(@3745) Here is Meehl’s marvelous book.
(@3780) Quote regarding wine:
(@3953) To his chapter end aphorisms he might add the motto on Harold Brown’s (Carter’s secretary of defense) desk:
(@3983) “… they knew the sculpture was a fake without knowing how they knew …”
This reminds me of recognizing a number that is a square.
(@3988) I feel vindicated in Kahneman’s and Klein’s rejection of Gladwell’s fake statue analysis in “Blink”.
(@4009) Kahneman quotes Simon’s definition of intuition: “… Intuition is nothing more and nothing less than recognition.”. I think I agree. Then Kahneman continues “That strong statement reduces the apparent magic of intuition to the everyday experience of memory.”. Well ‘of recognition’, but that is still pretty magical. Yet the reduction is useful.
(@4106) Speaking of therapists Kahneman says: “The feedback they receive from their patients’ long term outcomes is sparse, delayed, or (usually) nonexistent, and in any case too ambiguous to support learning from experience.”. The efficient market hypothesis also relies on such feedback and the wine price conundrum can be described as the failure of the market’s intuition due to insufficient training.
(@4179) The story is of planning a project with several people and after the norma (optimistic) estimate of two realized that such projects took about seven years—thus discouragement. I recall after Tymnet was pretty much completed and in broad service, saying that if we had known that the project would take that long, roughly 7 years, we would not have started and top management would not have let us start. The project was seen as a great success.
(@4301) This chapter makes no allowance, so far, for unplanned excess gains, such as experienced in Tymnet. The company grew faster than we had foreseen, partly due to Tymnet and partly due to unanticipated raw demand, and the benefit of Tymnet was proportional to this growth. Tymnet was highly synergistic with acquisitions. Consider the unplanned downsides, but also the unplanned upsides.
I have often thought that considering the success rates for new restaurants that if those hewing to Kahneman’s teachings would open no restaurants. That would unfortunate for those who eat out. This does not mean that Kahneman is wrong, but perhaps that restaurant patrons exploit restaurant owners. More or less this point is made in the next chapter 24. (@4327)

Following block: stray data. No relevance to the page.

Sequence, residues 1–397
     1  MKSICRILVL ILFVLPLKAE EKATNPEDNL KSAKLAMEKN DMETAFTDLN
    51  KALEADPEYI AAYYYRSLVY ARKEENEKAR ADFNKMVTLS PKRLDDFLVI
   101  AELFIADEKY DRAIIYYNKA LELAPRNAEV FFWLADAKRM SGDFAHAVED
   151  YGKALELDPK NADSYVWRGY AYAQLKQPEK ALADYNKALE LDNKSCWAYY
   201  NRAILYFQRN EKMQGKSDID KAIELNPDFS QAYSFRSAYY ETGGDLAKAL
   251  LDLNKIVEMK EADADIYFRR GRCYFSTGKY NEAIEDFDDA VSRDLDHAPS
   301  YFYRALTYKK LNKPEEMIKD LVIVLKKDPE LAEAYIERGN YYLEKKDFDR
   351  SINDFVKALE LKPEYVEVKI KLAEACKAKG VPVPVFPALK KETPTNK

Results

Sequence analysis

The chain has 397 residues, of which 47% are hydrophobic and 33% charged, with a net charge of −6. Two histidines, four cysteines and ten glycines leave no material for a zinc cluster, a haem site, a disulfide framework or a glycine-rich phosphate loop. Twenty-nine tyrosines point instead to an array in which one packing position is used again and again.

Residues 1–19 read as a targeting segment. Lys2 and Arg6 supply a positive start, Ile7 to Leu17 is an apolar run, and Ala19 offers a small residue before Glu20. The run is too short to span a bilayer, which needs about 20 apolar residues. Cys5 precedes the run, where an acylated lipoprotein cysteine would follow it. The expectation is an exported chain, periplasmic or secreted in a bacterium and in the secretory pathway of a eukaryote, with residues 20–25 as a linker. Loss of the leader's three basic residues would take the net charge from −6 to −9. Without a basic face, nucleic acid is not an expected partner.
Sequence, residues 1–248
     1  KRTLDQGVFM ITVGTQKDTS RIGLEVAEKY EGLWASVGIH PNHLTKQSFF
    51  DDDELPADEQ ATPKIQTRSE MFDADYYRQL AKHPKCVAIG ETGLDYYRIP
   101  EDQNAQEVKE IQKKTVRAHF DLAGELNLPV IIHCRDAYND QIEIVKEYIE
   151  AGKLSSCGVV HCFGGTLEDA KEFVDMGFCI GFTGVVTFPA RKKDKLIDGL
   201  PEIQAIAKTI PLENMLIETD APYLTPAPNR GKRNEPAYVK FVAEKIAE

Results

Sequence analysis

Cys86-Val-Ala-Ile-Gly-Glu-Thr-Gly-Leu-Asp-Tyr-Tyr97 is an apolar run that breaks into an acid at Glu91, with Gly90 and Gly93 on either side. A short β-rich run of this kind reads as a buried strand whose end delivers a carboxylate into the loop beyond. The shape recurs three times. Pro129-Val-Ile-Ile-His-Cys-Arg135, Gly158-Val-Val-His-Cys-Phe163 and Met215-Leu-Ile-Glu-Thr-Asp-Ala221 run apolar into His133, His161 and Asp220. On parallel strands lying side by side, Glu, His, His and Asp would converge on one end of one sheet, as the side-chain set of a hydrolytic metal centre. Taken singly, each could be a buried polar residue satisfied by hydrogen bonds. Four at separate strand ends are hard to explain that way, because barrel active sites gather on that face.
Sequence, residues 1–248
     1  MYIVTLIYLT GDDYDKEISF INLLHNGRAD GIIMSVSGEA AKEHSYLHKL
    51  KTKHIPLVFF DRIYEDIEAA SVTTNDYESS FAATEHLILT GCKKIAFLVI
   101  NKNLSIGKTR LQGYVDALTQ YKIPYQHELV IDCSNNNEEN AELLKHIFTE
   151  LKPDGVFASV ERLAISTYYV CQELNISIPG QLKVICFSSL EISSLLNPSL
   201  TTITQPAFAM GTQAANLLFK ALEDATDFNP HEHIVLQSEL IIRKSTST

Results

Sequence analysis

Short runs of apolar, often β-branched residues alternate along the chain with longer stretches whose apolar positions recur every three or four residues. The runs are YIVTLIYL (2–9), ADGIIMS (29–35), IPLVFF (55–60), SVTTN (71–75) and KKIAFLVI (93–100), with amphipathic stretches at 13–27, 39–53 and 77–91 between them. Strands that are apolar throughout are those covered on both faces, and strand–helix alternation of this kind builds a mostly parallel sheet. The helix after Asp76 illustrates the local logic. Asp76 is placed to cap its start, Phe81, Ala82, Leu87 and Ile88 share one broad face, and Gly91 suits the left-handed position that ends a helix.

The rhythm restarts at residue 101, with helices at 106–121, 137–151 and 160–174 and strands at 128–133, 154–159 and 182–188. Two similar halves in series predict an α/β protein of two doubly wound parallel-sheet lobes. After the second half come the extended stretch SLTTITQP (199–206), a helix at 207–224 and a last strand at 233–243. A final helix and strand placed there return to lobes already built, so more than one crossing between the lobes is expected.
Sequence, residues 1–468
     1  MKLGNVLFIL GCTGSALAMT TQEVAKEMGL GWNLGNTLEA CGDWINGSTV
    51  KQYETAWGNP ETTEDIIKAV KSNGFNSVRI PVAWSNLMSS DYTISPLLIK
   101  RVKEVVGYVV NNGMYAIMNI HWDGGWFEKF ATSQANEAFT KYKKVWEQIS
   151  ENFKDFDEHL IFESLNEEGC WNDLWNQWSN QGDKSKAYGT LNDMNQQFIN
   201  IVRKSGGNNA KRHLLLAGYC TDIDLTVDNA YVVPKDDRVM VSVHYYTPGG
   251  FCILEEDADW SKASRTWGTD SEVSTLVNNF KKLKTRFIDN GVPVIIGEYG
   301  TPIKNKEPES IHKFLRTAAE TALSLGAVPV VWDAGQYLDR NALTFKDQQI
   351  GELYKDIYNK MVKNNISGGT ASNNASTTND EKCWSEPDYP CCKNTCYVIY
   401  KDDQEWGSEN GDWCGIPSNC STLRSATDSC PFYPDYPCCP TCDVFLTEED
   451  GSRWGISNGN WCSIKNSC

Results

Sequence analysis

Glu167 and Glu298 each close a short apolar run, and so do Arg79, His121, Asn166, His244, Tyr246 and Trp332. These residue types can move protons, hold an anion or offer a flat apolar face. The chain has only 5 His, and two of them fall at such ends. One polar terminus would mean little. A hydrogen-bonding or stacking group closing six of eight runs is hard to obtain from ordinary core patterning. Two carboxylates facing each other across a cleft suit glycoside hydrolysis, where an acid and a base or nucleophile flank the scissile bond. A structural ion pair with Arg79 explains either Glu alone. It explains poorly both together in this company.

(@4349) The notion is that the economy runs mainly on those who are:
(@4423) Quoting a question Kahneman asks of entrepreneurs:
(@4578) I am getting anxious to hear about ‘nonlinear utility’ or ‘concave utility functions’. A rational person will not bet his entire worth on a double or nothing proposal even with a 0.51 probability of winning, unless he can off-lay some risk. This is not an entirely psychological bias; or at least it has roots in survival theory. These issues are raised by @4590.
(@4588) Fechner’s logarithmic suggestion is interesting. Lest it be considered vacuous I note that sensing electricity does not follow that pattern. The ratio between an insensible voltage and a painful one is only about a factor of two. (40:80 volts) This is perhaps because it was not adaptive to sense small voltages.
(@4648) Kahneman may be right about Betty’s choice, but that would not be my choice. I think it would not have been my choice even before I learned about concave utilities. I do not buy ‘Bernoulli’s error’ on the basis of my subjective feelings.
(@4725) Continuing the above issues, I still am not ‘risk-seeking’ in case of bad options; and I think it is my System 1 at work.
(@4864) I am sad that there is no talk here of evolutionary theory.
(@4896) The twins on the indifference curve are a good gedanken experiment. It explains much of wage stickiness.
(@5280) Regarding the choice presented in B: I indeed chose the 2nd option—as a $9600 insurance policy. That is perhaps too strong a convex utility curve. I did the arithmetic before I decided. It is a millionaire, after-all, that is paying the premium! I think Kahnemanis trying to rescue his ‘reference point’ notion. In the choice at hand my reference point is having the money.
(@5636) Regarding insurance: “Here again, people buy more than protection against an unlikey disaster; they eliminate a worry and purchase peace of mind.” This can be explained by simple reference to a convex utility curve, àla Bernoulli.